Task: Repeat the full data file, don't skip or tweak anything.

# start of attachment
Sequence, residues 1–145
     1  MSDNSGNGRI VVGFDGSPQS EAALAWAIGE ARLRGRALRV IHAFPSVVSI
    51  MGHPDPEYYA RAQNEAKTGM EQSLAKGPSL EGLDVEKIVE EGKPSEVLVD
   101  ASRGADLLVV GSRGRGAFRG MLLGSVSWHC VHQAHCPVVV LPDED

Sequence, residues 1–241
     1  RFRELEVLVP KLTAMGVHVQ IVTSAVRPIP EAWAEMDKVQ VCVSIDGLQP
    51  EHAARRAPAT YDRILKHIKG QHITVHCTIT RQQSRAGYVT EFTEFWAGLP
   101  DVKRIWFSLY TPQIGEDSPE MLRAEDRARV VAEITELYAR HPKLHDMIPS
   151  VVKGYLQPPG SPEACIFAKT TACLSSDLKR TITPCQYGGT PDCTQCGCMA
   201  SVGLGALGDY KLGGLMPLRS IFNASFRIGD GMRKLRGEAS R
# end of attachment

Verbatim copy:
Sequence, residues 1–145
     1  MSDNSGNGRI VVGFDGSPQS EAALAWAIGE ARLRGRALRV IHAFPSVVSI
    51  MGHPDPEYYA RAQNEAKTGM EQSLAKGPSL EGLDVEKIVE EGKPSEVLVD
   101  ASRGADLLVV GSRGRGAFRG MLLGSVSWHC VHQAHCPVVV LPDED

Sequence, residues 1–241
     1  RFRELEVLVP KLTAMGVHVQ IVTSAVRPIP EAWAEMDKVQ VCVSIDGLQP
    51  EHAARRAPAT YDRILKHIKG QHITVHCTIT RQQSRAGYVT EFTEFWAGLP
   101  DVKRIWFSLY TPQIGEDSPE MLRAEDRARV VAEITELYAR HPKLHDMIPS
   151  VVKGYLQPPG SPEACIFAKT TACLSSDLKR TITPCQYGGT PDCTQCGCMA
   201  SVGLGALGDY KLGGLMPLRS IFNASFRIGD GMRKLRGEAS R